U.S. Attorney General Eric H. Holder Jr. on Monday asked a respected prosecutor to investigate whether CIA interrogators violated the law in subjecting suspected terrorists to enhanced interrogation techniques. The wisdom of his action was vindicated by the release of a redacted 2004 report documenting cruelties both familiar (such as waterboarding) and newly confirmed (threatening a prisoner with a gun and power drill). Citizens who thought they were inured to barbarism inflicted in their name will be shocked by the document.
The report, by the CIA's inspector general, concludes that some interrogators exceeded even the minimal limits imposed by Bush administration lawyers. It's important to determine whether the interrogators also violated laws against torture. Still, as Holder emphasized, the scope of the inquiry is limited. It's a preliminary review that might not produce a full-scale criminal investigation. It concerns only the interrogation of specific detainees at overseas locations, not interrogation policies in general. And it is not directed at anyone who acted in good faith and within the scope of ... legal guidance.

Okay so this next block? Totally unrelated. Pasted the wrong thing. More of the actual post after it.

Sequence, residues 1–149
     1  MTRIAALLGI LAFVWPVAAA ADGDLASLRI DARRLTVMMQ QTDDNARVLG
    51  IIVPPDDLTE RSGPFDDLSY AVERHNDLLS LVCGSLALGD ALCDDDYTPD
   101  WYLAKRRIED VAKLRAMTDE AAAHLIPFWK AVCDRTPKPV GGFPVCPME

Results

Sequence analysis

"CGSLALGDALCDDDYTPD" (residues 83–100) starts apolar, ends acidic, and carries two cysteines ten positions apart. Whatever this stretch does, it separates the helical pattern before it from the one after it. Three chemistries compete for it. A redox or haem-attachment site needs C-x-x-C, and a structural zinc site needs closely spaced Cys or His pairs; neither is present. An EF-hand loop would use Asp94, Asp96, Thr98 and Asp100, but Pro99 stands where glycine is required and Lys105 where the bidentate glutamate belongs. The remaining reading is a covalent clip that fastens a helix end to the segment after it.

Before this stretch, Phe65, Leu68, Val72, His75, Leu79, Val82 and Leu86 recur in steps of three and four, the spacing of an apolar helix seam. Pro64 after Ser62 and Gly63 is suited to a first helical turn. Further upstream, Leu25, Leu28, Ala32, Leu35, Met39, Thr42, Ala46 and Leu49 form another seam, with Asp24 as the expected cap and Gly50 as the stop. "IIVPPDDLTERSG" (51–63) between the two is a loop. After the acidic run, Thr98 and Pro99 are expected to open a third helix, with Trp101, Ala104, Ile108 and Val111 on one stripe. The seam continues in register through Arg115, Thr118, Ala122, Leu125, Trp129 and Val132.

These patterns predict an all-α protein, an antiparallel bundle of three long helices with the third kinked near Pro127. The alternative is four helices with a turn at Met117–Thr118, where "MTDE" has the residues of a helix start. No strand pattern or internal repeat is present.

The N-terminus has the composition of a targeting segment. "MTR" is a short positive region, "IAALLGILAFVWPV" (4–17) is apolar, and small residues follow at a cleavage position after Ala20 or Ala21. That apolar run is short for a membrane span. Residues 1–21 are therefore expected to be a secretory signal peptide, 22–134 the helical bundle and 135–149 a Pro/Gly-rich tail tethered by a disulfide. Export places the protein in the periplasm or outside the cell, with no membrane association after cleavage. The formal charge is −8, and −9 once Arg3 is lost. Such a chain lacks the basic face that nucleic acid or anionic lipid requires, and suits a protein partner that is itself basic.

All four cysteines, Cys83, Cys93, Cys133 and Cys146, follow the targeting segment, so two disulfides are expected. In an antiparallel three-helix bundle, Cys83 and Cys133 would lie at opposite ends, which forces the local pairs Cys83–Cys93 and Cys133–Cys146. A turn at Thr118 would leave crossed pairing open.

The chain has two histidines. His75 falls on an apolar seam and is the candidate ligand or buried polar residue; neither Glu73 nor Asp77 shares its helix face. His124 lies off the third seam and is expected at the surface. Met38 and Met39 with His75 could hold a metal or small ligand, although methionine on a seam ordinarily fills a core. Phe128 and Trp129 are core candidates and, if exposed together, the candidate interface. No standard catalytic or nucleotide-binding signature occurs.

Notably, the new inquiry will be conducted by career prosecutor John H. Durham, who already is investigating the destruction of videotapes of CIA interrogations. That's a valuable credential, but there is a political dimension to the choice as well. Durham was given his current assignment by former Attorney General Michael B. Mukasey, a George W. Bush appointee. That bow to bipartisanship is doubly important because Holder was an Obama campaign adviser and because he is revisiting a decision by the previous administration not to pursue a criminal inquiry.
Important as the new inquiry is, it won't remedy all of the injustices perpetrated as part of the Bush administration's so-called war on terror.
Brainerd Dispatch ©2013. All Rights Reserved.